ANNAPOLIS – About $45 million of a landmark education plan was excluded from the $23.8 billion state operating budget Gov. Robert L. Ehrlich Jr. presented Wednesday, a decision that drew the ire of some legislators and educators.
The money would have gone to some large county school systems – including Prince George’s, Montgomery and Baltimore City – to compensate for higher costs of education and living.
The Attorney General’s Office determined last fall that funding the county cost differences was not mandated by the $1.3 billion Thornton plan passed two years ago by the General Assembly. Despite deleting those funds, state support of primary and secondary education increased $326 million to more than $3.6 billion.
“I am thrilled about this funding for public education,” State Superintendent of Schools Nancy S. Grasmick said. “I’m supporting the legal opinion that was rendered.”
But at least one lawmaker said Ehrlich’s exclusion could prompt legal action.
“I would imagine somebody would come forward with (a lawsuit),” said Sen. Nathaniel J. McFadden, D-Baltimore, chairman of the city’s Senate delegation. “People are going to take every avenue to receive an appropriate education.”
Some legislators said the Attorney General nitpicked the language of a popular education bill just to balance the budget.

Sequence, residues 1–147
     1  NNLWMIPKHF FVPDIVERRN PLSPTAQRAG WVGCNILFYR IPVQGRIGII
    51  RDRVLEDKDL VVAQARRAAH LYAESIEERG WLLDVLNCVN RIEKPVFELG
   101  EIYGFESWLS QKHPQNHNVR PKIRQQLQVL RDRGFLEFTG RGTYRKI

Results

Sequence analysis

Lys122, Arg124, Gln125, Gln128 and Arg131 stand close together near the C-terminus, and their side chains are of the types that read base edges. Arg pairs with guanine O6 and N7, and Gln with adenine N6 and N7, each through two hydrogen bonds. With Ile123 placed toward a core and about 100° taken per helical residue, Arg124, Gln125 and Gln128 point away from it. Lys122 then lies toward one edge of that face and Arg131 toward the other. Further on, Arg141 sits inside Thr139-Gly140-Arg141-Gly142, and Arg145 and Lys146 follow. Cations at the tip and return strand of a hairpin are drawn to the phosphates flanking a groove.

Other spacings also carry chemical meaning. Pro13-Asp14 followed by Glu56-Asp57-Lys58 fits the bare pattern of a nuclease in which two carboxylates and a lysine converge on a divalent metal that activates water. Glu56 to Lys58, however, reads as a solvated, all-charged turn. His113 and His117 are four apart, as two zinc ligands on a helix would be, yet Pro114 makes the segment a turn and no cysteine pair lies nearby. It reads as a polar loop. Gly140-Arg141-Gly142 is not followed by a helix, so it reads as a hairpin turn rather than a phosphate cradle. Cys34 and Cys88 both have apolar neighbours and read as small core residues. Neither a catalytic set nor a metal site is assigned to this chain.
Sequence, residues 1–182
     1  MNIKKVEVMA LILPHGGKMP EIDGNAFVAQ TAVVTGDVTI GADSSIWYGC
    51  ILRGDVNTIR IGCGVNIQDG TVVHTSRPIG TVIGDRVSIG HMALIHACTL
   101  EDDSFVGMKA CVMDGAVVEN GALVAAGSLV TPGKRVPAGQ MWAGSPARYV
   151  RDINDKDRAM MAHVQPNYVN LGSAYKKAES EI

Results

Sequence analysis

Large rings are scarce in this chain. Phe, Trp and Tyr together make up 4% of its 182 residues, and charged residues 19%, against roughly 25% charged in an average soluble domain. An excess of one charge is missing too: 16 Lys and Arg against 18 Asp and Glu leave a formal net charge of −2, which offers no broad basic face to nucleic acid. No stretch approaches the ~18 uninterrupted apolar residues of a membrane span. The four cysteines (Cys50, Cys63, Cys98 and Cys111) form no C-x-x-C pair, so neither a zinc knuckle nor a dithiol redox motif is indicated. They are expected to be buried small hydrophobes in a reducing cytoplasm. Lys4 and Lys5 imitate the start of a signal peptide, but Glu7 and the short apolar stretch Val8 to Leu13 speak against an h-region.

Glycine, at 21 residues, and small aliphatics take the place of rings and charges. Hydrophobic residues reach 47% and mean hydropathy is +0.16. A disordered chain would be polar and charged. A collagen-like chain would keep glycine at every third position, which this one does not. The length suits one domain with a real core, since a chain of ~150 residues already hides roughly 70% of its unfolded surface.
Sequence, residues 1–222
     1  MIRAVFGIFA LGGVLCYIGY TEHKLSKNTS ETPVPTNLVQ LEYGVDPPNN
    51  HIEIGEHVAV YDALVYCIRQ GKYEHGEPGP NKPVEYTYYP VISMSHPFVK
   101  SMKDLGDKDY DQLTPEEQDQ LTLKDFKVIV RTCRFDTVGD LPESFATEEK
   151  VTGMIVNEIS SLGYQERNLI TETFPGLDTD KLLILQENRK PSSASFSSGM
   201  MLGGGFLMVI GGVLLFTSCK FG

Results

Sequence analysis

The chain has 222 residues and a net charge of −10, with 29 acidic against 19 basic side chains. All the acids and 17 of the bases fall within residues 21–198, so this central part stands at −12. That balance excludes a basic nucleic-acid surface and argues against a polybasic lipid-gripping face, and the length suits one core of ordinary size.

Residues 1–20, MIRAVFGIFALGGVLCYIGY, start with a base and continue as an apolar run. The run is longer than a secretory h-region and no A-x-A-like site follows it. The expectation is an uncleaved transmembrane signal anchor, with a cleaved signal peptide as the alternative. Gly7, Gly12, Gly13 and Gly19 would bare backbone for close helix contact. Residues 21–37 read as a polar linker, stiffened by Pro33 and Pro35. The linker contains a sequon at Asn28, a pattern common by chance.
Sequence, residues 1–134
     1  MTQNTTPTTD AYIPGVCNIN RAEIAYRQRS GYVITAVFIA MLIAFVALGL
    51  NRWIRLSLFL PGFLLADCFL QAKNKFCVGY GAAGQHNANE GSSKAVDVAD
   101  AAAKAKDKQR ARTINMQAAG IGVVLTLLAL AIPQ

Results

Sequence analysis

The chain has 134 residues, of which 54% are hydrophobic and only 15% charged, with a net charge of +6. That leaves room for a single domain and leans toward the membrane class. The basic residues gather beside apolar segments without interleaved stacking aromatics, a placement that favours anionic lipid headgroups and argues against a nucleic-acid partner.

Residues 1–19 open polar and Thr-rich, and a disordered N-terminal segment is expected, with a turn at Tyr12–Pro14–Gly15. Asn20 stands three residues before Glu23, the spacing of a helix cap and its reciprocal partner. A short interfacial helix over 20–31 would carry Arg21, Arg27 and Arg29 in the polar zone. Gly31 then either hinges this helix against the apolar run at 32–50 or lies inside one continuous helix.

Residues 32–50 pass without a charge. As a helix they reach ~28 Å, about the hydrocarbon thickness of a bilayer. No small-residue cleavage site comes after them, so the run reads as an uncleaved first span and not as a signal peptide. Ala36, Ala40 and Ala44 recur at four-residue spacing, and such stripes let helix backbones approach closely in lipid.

“There’s no question in the original legislation (the cost-of-education index) was supposed to be funded, and this ill-conceived Attorney General’s opinion misinterpreted the guidelines,” said House Speaker Michael E. Busch, D-Anne Arundel.
“It’s a nuance by a hair that is being used to hurt children,” added Sen. Paul Pinsky, D-Prince George’s, county Senate delegation chairman.
Other lawmakers said Ehrlich should have fully funded the Thornton plan because he promised he would, even though it was not required.
“According to what he said in his campaign, he should (have) and he didn’t,” said Delegate Neil Quinter, D-Howard, author of a letter to Ehrlich signed by more than 60 delegates in support of full funding.
Ehrlich dismissed questions about why the $45 million was not included in the budget and said all of the mandated Thornton funds were incorporated.
Approval of slot machines, he said, would pay for the cost of education differences and that was his campaign platform.
“We support Thornton with a funding mechanism called slots,” he said.
Last year, the Maryland Senate approved installing slot machines at four state racetracks, but the bill was killed in the House.
Ehrlich said Wednesday he will introduce slot machine legislation, and the battle over the issue is expected to dominate legislative discussion this year.
With or without slots, many lawmakers said they believe there will be legislation to reinstate the $45 million.
“I think there’s a fair chance the Legislature will put this back on (the agenda),” Pinsky said.
While Grasmick said she was hoping for a “continued source of revenue,” county school systems will have to decide how to compensate for the loss of their share of the $45 million.
Montgomery County Public Schools were counting on their portion of the funds, said Board of Education member Patricia O’Neill.
“We’re very disappointed. We feel frustrated and betrayed,” she said.
Although the school system’s operating budget has not been finalized yet, O’Neill said the lack of funds may prevent the county from expanding all-day kindergarten.
Capital News Service reporter Rolando Garcia contributed to this report.